The Pact Specification (or simply, "Specification" or "spec") is a document that governs the structure of the actual generated contracts (pact files), and also as a test suite for matching logic, to allow for interoperability between languages such as Node and Java. It is versioned to indicate breaking changes and new features introduced that previous versions do not support.
The version of the specification required to verify a pact is written into the pact file itself (under the key
Each language implementation of Pact needs to implement the rules of this specification, and advertise which version(s) are supported, corresponding closely to which features are available. See the current supported language features for more.
A provider using a language that can support a particular version of the Pact specification, can interoperate with consumers with all previous versions, up to and including, the same as that of the provider.
The reverse is not true. That is, for two languages to use Pact effectively, they must both be able to understand the specification version of the pact generated by the consumer.
The following compatibility matrix illustrates this point, by showing what can be tested given the version of the specification a given client language can support:
|Generated pact file spec version (Client) 👉||1||1.1||2||3||4|
|Provider spec support 👇|
What if My Consumer Client Language is Incompatible with my Provider Client Language?
If you require a feature only available in a version higher than that of the Specification your provider client supports, you have several choices:
- Check you have the latest provider client available to your language.
- If you don't need a feature present in a later version of the spec, you can choose to serialise your contract in a different version. For example, if your provider supports up to v3 and your consumer supports v4 by default, you can choose to serialise a pact with version v3. Consult your language documentation for how to do this.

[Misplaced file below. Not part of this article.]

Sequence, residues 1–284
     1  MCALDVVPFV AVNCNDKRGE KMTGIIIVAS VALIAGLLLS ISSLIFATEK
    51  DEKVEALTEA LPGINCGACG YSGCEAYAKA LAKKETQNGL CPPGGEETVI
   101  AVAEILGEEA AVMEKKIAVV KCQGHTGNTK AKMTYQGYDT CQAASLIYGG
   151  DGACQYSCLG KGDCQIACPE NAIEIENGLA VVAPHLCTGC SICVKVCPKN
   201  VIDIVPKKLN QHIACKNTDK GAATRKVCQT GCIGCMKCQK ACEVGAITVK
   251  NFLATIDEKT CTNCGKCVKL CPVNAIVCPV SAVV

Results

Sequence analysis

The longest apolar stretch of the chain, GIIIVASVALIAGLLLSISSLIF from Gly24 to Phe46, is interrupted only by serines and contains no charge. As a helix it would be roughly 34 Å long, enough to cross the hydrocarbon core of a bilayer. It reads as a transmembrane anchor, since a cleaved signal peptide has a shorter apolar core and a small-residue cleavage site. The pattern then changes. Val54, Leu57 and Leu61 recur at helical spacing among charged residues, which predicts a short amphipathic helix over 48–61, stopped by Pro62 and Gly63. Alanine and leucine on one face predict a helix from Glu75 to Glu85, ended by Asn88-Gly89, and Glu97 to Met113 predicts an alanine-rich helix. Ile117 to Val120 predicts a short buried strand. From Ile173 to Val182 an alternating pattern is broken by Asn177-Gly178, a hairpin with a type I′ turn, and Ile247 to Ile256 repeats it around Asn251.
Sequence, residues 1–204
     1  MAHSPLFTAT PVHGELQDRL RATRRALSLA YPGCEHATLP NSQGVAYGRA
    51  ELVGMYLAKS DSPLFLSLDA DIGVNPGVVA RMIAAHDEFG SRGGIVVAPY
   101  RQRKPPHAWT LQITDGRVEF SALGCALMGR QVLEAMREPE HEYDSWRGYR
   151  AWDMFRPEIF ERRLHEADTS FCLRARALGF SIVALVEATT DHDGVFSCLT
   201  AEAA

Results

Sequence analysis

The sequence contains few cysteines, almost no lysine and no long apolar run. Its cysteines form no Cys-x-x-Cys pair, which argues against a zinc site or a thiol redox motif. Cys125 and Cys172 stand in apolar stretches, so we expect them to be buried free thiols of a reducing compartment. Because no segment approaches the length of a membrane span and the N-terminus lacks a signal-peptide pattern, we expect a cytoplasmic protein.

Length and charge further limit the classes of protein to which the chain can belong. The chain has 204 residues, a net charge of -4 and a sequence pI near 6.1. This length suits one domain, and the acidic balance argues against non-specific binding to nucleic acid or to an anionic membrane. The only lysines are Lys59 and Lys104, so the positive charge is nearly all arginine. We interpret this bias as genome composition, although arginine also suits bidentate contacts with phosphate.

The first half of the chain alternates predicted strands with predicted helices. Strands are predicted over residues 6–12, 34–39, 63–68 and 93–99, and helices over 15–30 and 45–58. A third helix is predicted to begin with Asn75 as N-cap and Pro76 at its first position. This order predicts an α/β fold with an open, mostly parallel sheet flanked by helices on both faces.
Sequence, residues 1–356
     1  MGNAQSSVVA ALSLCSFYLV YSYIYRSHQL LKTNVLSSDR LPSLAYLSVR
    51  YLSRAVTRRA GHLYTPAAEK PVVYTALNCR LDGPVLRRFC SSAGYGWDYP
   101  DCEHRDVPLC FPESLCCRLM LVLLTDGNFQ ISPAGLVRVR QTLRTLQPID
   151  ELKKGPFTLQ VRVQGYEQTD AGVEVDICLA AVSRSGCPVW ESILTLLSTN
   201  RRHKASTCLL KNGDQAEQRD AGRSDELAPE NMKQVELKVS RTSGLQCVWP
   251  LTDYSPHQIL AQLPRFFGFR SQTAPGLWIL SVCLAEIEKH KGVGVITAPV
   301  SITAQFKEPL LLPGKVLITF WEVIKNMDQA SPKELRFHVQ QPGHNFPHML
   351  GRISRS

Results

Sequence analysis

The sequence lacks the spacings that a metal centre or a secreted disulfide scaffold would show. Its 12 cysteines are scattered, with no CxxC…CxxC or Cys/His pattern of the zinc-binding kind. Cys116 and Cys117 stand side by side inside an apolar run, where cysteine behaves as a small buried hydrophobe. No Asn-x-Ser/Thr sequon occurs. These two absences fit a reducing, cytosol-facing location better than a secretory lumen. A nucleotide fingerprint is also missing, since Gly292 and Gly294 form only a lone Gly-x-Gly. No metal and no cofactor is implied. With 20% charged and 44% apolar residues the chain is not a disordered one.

- If you need a feature available in a later version, you can verify your provider using the Provider Verifier CLI which will always support the latest version of the spec.
Client Language Support
The following table shows the current specification compliance for each of the supported languages:
- ✅ - Implemented and actively supported
- ✅* - Implemented in beta
- 0 - Implemented and not actively supported
All new Pact implementations should wrap the Rust implementation using FFI calls, to allow us to roll out new features quickly and consistently across our 10+ Pact languages.
Support is appreciated if you wish to contribute in migrating a language from the Ruby to Rust core, or wish to create a new language implementation
Pact Specificaton Philosophy
The Pact matching rules follow Postel's Law.
Be as strict as we reasonably can with what we send out (requests).
We should know and be able to control exactly what a consumer is sending out. Information should not be allowed to "leak" silently.
Be as loose as we reasonably can with what we accept (responses).
A provider should be able to send extra information that this particular consumer does not care about, without breaking this consumer.
When writing the matching rules, err on the side of being more strict now, because it will break fewer things to be looser later, than to get stricter later.
Note: One implications of this philosophy is that you cannot verify, using pact, that a key or a header will not be present in a response. You can only verify what is.
In order to faciliate the move to from v2 to v3 specification, in the respective client libraries, migration guides have been written to help to transition across.
- A migration between pact specifications, for existing published contracts, will trigger a rule
contract_requiring_verification_publishedevent type as the generated matcher rules may have changed between specifications.